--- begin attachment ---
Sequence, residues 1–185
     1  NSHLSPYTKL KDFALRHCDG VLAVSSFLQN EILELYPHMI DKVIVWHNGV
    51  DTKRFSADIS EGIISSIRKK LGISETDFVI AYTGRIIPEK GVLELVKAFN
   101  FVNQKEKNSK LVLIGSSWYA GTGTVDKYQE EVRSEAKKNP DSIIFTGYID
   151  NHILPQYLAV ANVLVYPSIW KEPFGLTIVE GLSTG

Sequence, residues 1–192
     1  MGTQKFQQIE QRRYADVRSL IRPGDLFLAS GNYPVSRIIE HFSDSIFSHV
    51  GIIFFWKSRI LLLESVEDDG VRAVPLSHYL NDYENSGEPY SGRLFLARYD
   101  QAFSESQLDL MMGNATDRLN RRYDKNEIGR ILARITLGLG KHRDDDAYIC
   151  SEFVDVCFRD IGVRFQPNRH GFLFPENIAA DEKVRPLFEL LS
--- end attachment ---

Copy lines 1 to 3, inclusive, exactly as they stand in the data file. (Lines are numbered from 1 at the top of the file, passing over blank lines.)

Sequence, residues 1–185
     1  NSHLSPYTKL KDFALRHCDG VLAVSSFLQN EILELYPHMI DKVIVWHNGV
    51  DTKRFSADIS EGIISSIRKK LGISETDFVI AYTGRIIPEK GVLELVKAFN